But before adding a previously-loved item to your home collection, it’s important to take a few simple precautions to keep the bed bugs, moths, and, ahem, lead away.
“Before 1978, lead was a common component of residential paint in the United States, and it was also used for painting furniture and other houseware items," says Kelly Johnson-Arbor, MD, an emergency medicine physician and medical toxicologist, and co-medical director of the National Capital Poison Center. "Today, some vintage items can still contain lead paint, and the old paint is likely to chip or form lead dust that can cause unwanted health effects.”
- Kelly Johnson-Arbor, MD, medical toxicologist and co-medical director of the National Capital Poison Center
Not exactly the kind of score you were looking for from the thrift store.
What to test if you buy something used
Many housewares at vintage stores and thrift shops, like cups, plates, vases, and more, can have lead in them and therefore be unsafe to use for eating or drinking. According to Dr. Johnson-Arbor, some wares that test positive for lead can be safely displayed on a shelf. However, make sure they're kept away from curious children who may want to touch them. “If there are children living in or visiting your house, it’s not safe to have lead-containing housewares on display,” says Dr. Johnson-Arbor.
It's not just vintage you need to watch out for. Lead is sometimes found in imported products, like spices, cookware, dishes, cosmetics, traditional medicines, and pottery, according to Dr. Johnson-Arbor. While a decorative vase is one matter, cosmetics or spices that you put on your skin—or eat!—is another. "Lead glazes can also leach out of cookware or dishes, especially in the presence of heat or acidic environments. When humans breathe or consume lead dust or chips, lead toxicity can occur,” says Dr. Johnson-Arbor.
This doesn't mean you should never buy any of these items. Fortunately, there are tests that you can get to check your new finds for lead.
What should you look for in a home lead test kit?
There's no dearth of lead test kits available to buy on websites like Amazon. Yet Dr. Johnson-Arbor says that many kits are not entirely reliable and can offer false positives or false negatives. To make sure you get the real deal, choose a lead test kit approved and certified for use by the Environmental Protection Agency (EPA). Examples include the 3M Lead Check kit, D-Lead, and the state of Massachusetts test kits.
How to use a lead test kit properly for ceramic dishware and other thrifted items
Lead test kits are checking for something serious—but that doesn't mean they're complicated. In fact, the steps are pretty simple (and will be clearly listed in the included instructions). For example, for the EPA-approved 3M test, you should do the following:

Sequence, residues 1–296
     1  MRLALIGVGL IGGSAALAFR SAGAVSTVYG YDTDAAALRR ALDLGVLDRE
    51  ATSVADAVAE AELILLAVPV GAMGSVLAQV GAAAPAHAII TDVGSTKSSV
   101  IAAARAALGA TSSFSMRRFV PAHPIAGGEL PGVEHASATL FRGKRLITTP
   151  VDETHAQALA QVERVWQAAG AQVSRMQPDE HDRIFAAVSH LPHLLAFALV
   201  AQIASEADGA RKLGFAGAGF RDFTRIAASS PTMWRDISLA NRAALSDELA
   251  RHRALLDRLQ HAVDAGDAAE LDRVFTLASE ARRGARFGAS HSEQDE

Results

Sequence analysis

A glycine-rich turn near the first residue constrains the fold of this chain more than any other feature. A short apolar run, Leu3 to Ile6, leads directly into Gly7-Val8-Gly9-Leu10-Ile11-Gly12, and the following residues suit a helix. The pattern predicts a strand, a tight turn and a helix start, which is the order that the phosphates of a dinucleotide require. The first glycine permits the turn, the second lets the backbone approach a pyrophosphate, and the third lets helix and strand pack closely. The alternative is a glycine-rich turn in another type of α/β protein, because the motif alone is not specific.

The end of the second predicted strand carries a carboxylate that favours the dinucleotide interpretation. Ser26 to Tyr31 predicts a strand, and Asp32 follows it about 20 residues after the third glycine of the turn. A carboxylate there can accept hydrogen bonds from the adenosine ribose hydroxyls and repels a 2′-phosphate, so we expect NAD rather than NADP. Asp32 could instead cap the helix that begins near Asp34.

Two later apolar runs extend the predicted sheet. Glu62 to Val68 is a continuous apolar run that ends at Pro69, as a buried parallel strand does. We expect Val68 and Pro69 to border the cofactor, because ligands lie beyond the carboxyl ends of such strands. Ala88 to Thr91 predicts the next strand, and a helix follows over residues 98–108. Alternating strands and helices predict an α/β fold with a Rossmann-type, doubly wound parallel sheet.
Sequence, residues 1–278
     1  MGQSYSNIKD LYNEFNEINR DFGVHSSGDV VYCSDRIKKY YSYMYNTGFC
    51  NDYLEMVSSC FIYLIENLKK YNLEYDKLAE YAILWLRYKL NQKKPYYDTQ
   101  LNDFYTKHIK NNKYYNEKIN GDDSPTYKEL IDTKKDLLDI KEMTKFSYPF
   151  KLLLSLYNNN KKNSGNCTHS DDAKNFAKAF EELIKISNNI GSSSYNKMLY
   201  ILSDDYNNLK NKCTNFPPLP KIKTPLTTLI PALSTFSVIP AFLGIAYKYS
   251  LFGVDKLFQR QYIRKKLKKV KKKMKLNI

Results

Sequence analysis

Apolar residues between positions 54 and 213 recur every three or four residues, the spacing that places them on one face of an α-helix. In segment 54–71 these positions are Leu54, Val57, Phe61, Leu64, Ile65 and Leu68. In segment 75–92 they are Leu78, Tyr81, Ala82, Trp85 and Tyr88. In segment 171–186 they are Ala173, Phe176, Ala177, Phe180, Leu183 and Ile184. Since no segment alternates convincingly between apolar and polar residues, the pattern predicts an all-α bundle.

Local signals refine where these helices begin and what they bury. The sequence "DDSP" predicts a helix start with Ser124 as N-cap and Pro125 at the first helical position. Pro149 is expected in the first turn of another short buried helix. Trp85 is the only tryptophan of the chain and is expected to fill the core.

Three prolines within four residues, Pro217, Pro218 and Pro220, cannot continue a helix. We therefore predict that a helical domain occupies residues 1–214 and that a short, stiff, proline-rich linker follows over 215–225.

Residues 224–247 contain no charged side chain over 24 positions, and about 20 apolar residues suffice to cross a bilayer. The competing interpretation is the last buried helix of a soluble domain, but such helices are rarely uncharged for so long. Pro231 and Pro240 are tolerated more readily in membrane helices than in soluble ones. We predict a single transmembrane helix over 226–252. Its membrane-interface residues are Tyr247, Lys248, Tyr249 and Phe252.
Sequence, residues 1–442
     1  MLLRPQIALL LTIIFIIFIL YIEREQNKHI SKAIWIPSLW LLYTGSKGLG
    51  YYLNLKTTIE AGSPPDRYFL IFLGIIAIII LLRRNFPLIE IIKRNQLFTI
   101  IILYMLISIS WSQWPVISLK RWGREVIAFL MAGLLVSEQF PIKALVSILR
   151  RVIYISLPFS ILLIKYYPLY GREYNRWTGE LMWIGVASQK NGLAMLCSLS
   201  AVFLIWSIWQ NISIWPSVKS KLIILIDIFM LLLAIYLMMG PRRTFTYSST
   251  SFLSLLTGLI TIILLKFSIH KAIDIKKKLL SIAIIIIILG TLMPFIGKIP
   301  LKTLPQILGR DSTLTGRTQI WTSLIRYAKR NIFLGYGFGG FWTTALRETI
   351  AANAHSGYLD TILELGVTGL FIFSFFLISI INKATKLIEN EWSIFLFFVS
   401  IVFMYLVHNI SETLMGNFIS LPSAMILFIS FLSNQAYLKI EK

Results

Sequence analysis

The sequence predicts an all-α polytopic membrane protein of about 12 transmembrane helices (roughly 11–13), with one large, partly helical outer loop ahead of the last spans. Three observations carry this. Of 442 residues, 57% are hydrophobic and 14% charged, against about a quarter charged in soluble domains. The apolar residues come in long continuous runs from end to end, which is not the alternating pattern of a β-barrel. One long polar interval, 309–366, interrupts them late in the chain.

Squeeze and crush points marked “A” and “B,” located on the barrel of the swab.
2. Shake and squeeze
With the swab tip facing down, shake twice and squeeze gently until the yellow liquid comes to the tip of the swab—it’s now activated for testing.
While squeezing gently, rub the swab on the test area for 30 seconds. If the tip turns red or pink, lead is present.
Are there other things in your home that you should test for lead?
In addition to testing thrifted finds that could contain lead paint, the EPA recommends also testing your water and plumbing for lead since heavy metals are known to leach into water. You should also consider testing the outside of your home and even the dirt around your yard if you plan to grow food or allow your kids to play in it and have any suspicion that lead may be present.
Why it's important to test for lead
There is no known safe level of lead in the human body—it has no function in our bodies. In children, Dr. Johnson-Arbor explains that lead exposure is associated with cognitive delay, lower IQs, and brain damage. Adults can develop neurologic problems, constipation, and high blood pressure after lead exposure.
If you suspect that you or a loved one has been exposed to lead, even if the results of a home lead test kit are negative, contact your physician or Poison Control (online at poison.org or by phone at 1-800-222-1222) immediately. Lead poisoning can be diagnosed with a simple blood test, and many patients are able to recover without difficulty.
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